The Revd Martin Niemöller (1892-1984), a prominent German Lutheran pastor and an outspoken opponent of Hitler, spent the last seven years of Nazi rule in concentration camps. He once said:

First they came for the socialists, and I did not speak out –
Because I was not a socialist.
Then they came for the trade unionists, and I did not speak out –
Because I was not a trade unionist.
Then they came for the Jews, and I did not speak out –
Because I was not a Jew.
Then they came for me – and there was no one left to speak for me.


What we do today or refuse to do today, even if we think it is the right thing to do but we do it for the wrong reasons, reflects how we have formed ourselves habitually in the past, is an image of our inner being in the present, and has consequences for the future we wish to shape.

As TS Eliot writes:

Time present and time past
Are both perhaps present in time future
And time future contained in time past
(‘Burnt Norton’).

How is the Church to recover its voice and speak up for the oppressed and the marginalised, not because it is fashionable or politically correct today, but because it is the right thing to do today and for the future?

Surely all our actions must depend on those two great commandments – to love God and to love one another.

As the Post-Communion Prayer today reminds us, ‘May our Communion strengthen us in faith, build us up in hope, and make us grow in love; for the sake of Jesus Christ our Lord.’

And so, may all we think, say and do be to the praise, honour and glory of God, + Father, Son and Holy Spirit, Amen.

‘By the ruler of the demons he casts out demons’ (Mark 3: 22) … an image at La Lonja de la Seda in Valencia (Photograph: Patrick Comerford, 2020)

Mark 3: 20-35 (NRSVA):

20 The crowd came together again, so that they could not even eat. 21 When his family heard it, they went out to restrain him, for people were saying, ‘He has gone out of his mind.’ 22 And the scribes who came down from Jerusalem said, ‘He has Beelzebul, and by the ruler of the demons he casts out demons.’ 23 And he called them to him, and spoke to them in parables, ‘How can Satan cast out Satan? 24 If a kingdom is divided against itself, that kingdom cannot stand. 25 And if a house is divided against itself, that house will not be able to stand. 26 And if Satan has risen up against himself and is divided, he cannot stand, but his end has come. 27 But no one can enter a strong man’s house and plunder his property without first tying up the strong man; then indeed the house can be plundered.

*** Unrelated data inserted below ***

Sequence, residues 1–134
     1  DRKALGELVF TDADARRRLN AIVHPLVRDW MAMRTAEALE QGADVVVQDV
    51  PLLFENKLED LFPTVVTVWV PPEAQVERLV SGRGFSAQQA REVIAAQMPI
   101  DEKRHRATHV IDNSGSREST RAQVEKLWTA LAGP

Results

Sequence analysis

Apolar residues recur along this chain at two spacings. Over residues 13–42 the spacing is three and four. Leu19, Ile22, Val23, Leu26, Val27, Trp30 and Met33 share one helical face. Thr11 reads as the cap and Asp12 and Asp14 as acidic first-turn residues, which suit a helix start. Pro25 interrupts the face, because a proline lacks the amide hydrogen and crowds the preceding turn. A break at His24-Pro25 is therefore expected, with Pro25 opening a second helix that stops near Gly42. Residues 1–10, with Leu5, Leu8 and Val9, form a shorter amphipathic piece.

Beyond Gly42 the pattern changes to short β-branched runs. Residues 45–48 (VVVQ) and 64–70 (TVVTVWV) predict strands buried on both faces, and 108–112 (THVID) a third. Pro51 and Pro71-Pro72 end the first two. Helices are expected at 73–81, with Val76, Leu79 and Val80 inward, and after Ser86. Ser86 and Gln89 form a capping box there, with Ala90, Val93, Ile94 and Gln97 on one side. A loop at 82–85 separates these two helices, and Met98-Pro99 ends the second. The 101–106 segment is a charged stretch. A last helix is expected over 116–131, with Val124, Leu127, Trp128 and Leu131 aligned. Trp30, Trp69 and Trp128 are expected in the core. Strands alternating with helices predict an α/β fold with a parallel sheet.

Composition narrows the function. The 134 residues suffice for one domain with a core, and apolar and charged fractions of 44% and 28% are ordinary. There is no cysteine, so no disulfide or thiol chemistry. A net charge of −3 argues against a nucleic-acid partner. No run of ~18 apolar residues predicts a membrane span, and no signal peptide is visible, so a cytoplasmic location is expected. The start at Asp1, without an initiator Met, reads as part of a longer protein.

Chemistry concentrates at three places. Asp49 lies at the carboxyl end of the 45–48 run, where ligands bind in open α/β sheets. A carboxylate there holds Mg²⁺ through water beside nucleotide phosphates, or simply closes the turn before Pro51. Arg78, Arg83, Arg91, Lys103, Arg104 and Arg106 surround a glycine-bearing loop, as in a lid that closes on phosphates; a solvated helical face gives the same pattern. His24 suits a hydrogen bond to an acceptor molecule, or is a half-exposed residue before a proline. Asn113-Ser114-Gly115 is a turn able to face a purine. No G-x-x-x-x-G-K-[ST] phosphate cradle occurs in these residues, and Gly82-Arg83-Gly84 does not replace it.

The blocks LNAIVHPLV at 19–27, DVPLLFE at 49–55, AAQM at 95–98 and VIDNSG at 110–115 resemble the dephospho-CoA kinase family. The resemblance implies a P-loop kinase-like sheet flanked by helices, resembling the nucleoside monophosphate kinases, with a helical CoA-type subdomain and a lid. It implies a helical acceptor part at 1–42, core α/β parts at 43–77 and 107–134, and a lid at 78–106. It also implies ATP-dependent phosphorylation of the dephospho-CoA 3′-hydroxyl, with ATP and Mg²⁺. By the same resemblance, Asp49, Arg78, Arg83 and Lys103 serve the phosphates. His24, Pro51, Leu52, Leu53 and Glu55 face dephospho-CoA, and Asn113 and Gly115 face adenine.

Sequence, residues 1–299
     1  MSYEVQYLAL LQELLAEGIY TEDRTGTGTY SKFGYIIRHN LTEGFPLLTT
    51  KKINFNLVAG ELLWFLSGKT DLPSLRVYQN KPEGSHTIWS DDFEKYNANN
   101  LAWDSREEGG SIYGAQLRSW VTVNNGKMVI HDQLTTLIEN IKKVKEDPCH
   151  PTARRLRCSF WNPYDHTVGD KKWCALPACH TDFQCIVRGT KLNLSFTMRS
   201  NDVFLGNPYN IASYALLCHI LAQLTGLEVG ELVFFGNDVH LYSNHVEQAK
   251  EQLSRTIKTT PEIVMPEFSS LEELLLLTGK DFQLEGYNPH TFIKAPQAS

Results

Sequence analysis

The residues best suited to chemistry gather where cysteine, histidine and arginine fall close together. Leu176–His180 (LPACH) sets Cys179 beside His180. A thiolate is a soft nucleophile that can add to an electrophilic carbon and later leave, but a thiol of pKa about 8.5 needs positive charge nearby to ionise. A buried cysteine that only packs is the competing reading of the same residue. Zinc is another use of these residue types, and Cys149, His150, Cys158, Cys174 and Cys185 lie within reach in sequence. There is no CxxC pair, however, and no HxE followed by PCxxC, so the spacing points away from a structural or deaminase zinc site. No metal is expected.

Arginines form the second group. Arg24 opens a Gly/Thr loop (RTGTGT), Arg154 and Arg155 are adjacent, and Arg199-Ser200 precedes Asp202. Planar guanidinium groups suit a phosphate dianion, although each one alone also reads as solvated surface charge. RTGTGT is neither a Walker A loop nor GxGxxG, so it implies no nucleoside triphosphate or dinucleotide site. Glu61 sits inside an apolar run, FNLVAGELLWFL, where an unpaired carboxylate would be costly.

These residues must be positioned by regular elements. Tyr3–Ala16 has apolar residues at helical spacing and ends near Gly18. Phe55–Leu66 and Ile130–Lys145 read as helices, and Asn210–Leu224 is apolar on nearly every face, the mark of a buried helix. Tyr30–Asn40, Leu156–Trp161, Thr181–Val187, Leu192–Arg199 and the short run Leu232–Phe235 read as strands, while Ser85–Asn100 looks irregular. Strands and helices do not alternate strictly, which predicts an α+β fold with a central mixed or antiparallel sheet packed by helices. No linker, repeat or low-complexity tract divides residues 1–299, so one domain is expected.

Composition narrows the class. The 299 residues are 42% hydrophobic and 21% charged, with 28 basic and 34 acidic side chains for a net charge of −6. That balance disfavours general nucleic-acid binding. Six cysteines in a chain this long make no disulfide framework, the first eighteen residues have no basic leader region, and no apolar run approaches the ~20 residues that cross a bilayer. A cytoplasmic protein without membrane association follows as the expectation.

28 ‘Truly I tell you, people will be forgiven for their sins and whatever blasphemies they utter; 29 but whoever blasphemes against the Holy Spirit can never have forgiveness, but is guilty of an eternal sin’ – 30 for they had said, ‘He has an unclean spirit.’

31 Then his mother and his brothers came; and standing outside, they sent to him and called him. 32 A crowd was sitting around him; and they said to him, ‘Your mother and your brothers and sisters are outside, asking for you.’ 33 And he replied, ‘Who are my mother and my brothers?’ 34 And looking at those who sat around him, he said, ‘Here are my mother and my brothers! 35 Whoever does the will of God is my brother and sister and mother.’

‘Time present and time past / Are both perhaps present in time future / And time future contained in time past’ (TS Eliot, ‘Burnt Norton’) … summer returns to Cross in Hand Lane, Lichfield (Photograph: Patrick Comerford)

Liturgical Colour: Green

The Collect of the Day:

God,
the strength of all those who put their trust in you:
Mercifully accept our prayers
and, because through the weakness of our mortal nature
we can do no good thing without you, grant us the help of your grace,
that in the keeping of your commandments
we may please you, both in will and deed;
through Jesus Christ our Lord.

The Post-Communion Prayer:

Eternal Father,
we thank you for nourishing us
with these heavenly gifts.
May our communion strengthen us in faith,
build us up in hope,
and make us grow in love;
for the sake of Jesus Christ our Lord.

‘Appoint for us, then, a king to govern us, like other nations’ (I Samuel 8: 5) … a door-knocker on a front door in Cahir, Co Tipperary (Photograph: Patrick Comerford, 2020)

Hymns:

522, In Christ there is no east or west (CD 30)
662, Those who would valour see (CD 38)

‘In Christ there is no east or west’ (Hymn 522) … confusing road signs in Tsesmes near Rethymnon in Crete (Photograph: Patrick Comerford)

Scripture quotations are from the New Revised Standard Version Bible: Anglicised Edition copyright © 1989, 1995, National Council of the Churches of Christ in the United States of America. Used by permission. All rights reserved worldwide. http://nrsvbibles.org

Material from the Book of Common Prayer is copyright © 2004, Representative Body of the Church of Ireland.